The information centre is currently helping members of the community, including women, to also explore the range of their rights in light of the Constitution. It is being administered by the Department of Justice and female law and political science students. The fact that students from our internship program with the Ministry of Justice are providing legal aid is very pleasant and helps to build young students’ capacities with regard to an easier access to the job market.
3. Gender Volunteer Focal Points
Unlike the Ministry of Justice, the Ministry of Women Affairs has no representation on district level. This is at a time when women living in the districts are in particular need of support of the Ministry of Women Affairs, mainly because women feel more insecure on district level. They have no female focal points and often are not allowed to speak to men. To balance out the lack of representation on district level, the Department of Women Affairs took the lead in cooperation with the Department of Justice, the Provincial Governors and the District Governors of Balkh and Badakhshan to establish a network of Gender Focal Points. GIZ Rule of Law facilitated and coordinated the cooperation.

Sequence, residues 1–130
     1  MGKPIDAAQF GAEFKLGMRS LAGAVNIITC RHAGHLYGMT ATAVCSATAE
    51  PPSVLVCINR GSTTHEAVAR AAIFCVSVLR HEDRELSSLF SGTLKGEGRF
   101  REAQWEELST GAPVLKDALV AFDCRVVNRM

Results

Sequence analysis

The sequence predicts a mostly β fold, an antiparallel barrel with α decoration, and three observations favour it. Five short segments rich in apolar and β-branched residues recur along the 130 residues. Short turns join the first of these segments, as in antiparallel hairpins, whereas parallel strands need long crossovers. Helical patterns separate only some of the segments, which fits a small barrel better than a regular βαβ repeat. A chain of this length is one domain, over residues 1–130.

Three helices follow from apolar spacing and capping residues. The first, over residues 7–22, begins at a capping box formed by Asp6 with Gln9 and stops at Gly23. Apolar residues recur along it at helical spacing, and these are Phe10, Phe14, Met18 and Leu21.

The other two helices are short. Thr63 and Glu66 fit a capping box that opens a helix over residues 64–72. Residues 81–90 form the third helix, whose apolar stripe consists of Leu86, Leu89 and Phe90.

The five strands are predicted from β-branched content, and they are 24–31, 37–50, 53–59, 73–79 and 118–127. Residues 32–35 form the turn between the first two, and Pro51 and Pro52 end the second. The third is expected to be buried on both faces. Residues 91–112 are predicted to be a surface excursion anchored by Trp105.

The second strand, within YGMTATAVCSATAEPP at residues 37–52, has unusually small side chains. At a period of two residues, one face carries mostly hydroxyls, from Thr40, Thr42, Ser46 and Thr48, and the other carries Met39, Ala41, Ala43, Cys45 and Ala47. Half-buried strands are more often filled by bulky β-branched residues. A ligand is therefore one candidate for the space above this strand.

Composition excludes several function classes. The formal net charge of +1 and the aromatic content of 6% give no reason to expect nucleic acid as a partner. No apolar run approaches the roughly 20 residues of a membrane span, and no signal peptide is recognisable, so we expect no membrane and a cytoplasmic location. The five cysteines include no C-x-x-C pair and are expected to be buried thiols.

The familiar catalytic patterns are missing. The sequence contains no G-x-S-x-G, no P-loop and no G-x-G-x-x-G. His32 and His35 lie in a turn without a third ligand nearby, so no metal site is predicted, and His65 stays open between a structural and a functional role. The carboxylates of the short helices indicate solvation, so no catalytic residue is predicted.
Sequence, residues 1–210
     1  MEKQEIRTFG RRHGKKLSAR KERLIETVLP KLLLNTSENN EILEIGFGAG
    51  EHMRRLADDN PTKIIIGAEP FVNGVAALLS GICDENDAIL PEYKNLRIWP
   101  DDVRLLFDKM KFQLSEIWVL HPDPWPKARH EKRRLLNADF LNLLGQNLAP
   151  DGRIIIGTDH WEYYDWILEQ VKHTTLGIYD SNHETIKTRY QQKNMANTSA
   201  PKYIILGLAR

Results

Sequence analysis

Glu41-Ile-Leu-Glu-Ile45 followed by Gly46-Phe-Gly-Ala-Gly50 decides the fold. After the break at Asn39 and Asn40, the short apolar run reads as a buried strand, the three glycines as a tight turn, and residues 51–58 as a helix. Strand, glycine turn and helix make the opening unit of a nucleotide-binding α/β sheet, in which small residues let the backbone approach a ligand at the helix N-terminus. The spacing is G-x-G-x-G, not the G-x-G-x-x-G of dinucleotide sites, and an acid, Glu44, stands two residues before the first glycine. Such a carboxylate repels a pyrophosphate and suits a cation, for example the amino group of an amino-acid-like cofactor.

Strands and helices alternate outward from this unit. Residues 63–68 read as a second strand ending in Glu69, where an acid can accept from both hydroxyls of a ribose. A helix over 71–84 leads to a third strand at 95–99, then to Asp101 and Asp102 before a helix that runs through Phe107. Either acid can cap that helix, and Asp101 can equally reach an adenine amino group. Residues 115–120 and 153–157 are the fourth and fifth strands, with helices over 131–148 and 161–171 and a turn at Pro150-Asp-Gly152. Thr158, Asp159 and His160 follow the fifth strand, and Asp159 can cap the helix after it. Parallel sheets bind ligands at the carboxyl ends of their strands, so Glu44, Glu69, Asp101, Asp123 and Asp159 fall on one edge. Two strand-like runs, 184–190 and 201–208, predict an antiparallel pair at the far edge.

Legal information center at the Blue Mosque in Mazar-e Sharif
Today, 22 women are working voluntary as focal points in their districts. The Gender Focal Points support women with legal cases by advising and referring them to the relevant legal institutions. Gender Focal Points receive basic legal trainings to be able to identify and refer cases concerning women’s rights to the right institutions avoiding delays for the case parties and delays, deliberately or not by non-responsible institutions.
Monitoring and Evaluation
GIZ Rule of Law has a multilevel monitoring and evaluation approach. The monitoring and evaluation of our work is followed up by international and national colleagues.
Both have the responsibility to update the online reporting system whereas the national focal points make sure that all reports from the activities are meeting the requirements of the monitoring and evaluation system.
All activities in the area of operation have indicators that feed in to the statistics of outcomes achieved.